INDIANAPOLIS—The Senate Appropriations Committee met today to review several bills, including SB 5 and SB 1. State Senator David Niezgodski (D-South Bend) released the following statement:
“Senate Bill 5, which would reduce the amount of lead piping in properties around the state, is a huge step forward in reducing the lead exposure in Hoosiers. The two main avenues that one can get lead poisoning is through lead paint and lead piping. Experts have found that when a home has one of these, they mostly have the other. Both children and the lower socioeconomic population are at high risk of getting lead poisoning. I support this bill wholeheartedly and will be happy to support it on the Senate Floor.
“Senate Bill 1 attempts to address the literacy crisis in Indiana, but it falls short. The General Assembly has come a long way in understanding the problems facing Hoosier students, but we are still failing to address the whole problem. Third-grade retention is not the solution to the inability to read. Furthermore, it is essential to provide sufficient time for the implementation of policy changes from the previous sessions. This allows us to observe the effectiveness of these changes and analyze the corresponding data before embarking on the passage of yet another policy.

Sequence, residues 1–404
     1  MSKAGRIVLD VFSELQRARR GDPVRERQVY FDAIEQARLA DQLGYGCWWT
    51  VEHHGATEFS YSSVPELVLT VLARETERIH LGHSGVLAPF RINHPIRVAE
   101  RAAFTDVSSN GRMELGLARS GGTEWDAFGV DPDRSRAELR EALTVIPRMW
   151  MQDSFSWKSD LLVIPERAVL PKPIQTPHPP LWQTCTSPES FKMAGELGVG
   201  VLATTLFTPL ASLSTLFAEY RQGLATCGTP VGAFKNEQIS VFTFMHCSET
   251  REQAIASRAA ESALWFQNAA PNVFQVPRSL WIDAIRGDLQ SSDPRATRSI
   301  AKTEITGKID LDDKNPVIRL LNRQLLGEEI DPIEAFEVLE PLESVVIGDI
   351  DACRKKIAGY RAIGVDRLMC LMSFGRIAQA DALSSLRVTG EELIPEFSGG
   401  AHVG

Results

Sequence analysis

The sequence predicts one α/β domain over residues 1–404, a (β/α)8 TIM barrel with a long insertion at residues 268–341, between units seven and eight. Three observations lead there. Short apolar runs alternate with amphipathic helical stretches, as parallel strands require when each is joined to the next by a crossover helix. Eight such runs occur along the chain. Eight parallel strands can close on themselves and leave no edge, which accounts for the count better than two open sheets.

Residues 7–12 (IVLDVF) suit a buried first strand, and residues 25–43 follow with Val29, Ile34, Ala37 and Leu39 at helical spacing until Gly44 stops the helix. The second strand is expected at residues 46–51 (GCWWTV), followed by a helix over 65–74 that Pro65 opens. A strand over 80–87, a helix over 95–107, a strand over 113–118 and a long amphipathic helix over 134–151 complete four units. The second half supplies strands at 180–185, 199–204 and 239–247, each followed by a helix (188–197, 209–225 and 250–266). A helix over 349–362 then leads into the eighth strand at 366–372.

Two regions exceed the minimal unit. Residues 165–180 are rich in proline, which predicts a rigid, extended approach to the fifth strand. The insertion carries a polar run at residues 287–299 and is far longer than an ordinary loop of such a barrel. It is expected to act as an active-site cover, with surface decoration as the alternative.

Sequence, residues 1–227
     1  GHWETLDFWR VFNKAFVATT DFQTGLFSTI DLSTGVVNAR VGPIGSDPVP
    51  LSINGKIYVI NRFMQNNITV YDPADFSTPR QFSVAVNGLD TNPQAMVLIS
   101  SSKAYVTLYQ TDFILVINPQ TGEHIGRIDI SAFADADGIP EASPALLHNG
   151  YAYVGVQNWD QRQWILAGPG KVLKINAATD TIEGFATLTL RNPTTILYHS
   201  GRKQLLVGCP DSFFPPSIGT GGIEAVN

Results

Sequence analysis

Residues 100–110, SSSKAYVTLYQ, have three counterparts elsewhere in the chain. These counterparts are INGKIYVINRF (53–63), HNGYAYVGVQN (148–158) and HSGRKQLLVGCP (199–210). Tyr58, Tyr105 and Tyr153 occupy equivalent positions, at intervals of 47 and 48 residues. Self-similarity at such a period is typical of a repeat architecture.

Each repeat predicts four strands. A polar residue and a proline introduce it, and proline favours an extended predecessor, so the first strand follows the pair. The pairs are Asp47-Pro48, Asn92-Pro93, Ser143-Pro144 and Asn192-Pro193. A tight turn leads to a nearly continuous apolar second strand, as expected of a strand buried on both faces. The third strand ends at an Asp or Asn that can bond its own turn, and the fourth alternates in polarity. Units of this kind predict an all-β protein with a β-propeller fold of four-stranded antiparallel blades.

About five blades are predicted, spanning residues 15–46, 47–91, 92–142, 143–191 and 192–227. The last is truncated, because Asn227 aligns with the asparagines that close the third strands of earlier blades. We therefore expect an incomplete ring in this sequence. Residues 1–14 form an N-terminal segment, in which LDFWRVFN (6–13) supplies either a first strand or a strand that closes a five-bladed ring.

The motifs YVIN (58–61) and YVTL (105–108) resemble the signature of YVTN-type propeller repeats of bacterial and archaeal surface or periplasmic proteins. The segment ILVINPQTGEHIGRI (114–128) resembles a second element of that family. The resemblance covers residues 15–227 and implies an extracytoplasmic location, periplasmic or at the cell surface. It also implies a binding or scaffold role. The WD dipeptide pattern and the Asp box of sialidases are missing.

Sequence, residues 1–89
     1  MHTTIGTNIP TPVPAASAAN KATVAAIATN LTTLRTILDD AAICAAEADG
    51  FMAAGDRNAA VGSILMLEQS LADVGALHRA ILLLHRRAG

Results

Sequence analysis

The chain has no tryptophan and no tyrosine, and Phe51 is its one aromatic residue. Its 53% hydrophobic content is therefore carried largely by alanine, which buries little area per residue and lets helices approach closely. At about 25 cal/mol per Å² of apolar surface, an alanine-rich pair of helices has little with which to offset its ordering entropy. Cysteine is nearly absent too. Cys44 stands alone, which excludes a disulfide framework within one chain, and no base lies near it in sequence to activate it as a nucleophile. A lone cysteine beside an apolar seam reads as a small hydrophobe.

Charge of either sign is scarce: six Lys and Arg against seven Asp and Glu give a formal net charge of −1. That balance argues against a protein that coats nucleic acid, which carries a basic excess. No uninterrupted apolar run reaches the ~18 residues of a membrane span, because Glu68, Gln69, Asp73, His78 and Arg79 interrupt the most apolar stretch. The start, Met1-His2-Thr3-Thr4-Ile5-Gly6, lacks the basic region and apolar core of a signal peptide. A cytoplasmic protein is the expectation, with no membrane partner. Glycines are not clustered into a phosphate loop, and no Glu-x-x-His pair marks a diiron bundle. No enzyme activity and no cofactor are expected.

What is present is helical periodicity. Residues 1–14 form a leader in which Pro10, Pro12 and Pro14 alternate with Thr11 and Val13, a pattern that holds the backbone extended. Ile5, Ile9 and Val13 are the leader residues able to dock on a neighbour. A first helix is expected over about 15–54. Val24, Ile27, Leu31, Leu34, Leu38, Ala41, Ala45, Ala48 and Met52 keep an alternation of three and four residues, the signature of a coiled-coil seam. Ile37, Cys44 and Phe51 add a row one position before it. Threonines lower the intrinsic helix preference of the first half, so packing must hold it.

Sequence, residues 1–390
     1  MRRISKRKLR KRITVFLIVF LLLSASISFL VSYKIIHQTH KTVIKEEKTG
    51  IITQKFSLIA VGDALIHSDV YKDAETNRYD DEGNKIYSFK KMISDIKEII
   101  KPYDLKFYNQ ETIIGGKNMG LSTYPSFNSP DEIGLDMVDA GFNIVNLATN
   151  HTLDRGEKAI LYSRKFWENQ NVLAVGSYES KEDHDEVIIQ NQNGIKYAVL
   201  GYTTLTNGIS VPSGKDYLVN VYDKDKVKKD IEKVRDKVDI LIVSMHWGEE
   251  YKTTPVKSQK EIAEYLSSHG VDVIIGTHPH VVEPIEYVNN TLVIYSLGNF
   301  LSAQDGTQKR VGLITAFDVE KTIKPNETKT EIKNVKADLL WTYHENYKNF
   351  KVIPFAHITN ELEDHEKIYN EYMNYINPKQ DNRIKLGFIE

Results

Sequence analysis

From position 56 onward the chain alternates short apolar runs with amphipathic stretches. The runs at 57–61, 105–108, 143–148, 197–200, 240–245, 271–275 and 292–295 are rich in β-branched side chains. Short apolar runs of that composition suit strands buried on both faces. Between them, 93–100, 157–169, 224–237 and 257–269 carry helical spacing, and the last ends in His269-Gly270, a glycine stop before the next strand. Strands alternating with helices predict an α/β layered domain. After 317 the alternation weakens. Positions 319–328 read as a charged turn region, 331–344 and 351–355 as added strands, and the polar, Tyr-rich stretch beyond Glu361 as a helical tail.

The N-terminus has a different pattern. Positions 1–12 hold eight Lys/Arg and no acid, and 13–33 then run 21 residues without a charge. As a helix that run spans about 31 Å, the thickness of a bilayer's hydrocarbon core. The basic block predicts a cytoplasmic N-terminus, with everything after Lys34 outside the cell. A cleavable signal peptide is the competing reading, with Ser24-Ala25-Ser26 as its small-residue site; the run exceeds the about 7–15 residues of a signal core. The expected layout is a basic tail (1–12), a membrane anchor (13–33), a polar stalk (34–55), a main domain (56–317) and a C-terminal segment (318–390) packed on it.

“Reading needs to be introduced at a young age and reinforced through school curriculum and statewide testing. To facilitate this culture of literacy, I co-authored Senate Bill 340 last session which introduced the Dolly Parton Imagination Library to Indiana. This program sends free books to children from birth to age five. By starting reading at a young age through reading in the home, Pre-K programs, or school curriculum, the Hoosier people deserve the best solution we can give them. I am also concerned with the lack of a fiscal on the bill. We need to determine the true fiscal of this policy implementation and appropriate accordingly during the next budget session. Even though I had to oppose this bill in committee, I am optimistic in finding a solution that will help Hoosiers, not hurt them.”